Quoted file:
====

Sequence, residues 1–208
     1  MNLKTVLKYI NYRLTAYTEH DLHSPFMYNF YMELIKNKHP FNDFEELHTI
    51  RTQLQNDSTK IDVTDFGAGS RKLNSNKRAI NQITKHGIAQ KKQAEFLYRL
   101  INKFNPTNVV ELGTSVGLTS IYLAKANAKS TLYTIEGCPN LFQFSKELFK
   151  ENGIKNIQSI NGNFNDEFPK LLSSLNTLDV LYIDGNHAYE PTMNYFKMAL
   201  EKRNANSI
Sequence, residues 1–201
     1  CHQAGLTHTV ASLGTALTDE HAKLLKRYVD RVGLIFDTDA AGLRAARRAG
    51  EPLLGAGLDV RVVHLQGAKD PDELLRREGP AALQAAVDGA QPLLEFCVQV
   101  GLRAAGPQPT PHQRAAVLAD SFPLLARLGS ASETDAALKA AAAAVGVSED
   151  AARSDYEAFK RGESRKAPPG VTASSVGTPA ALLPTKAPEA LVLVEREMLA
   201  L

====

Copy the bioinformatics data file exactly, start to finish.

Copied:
Sequence, residues 1–208
     1  MNLKTVLKYI NYRLTAYTEH DLHSPFMYNF YMELIKNKHP FNDFEELHTI
    51  RTQLQNDSTK IDVTDFGAGS RKLNSNKRAI NQITKHGIAQ KKQAEFLYRL
   101  INKFNPTNVV ELGTSVGLTS IYLAKANAKS TLYTIEGCPN LFQFSKELFK
   151  ENGIKNIQSI NGNFNDEFPK LLSSLNTLDV LYIDGNHAYE PTMNYFKMAL
   201  EKRNANSI
Sequence, residues 1–201
     1  CHQAGLTHTV ASLGTALTDE HAKLLKRYVD RVGLIFDTDA AGLRAARRAG
    51  EPLLGAGLDV RVVHLQGAKD PDELLRREGP AALQAAVDGA QPLLEFCVQV
   101  GLRAAGPQPT PHQRAAVLAD SFPLLARLGS ASETDAALKA AAAAVGVSED
   151  AARSDYEAFK RGESRKAPPG VTASSVGTPA ALLPTKAPEA LVLVEREMLA
   201  L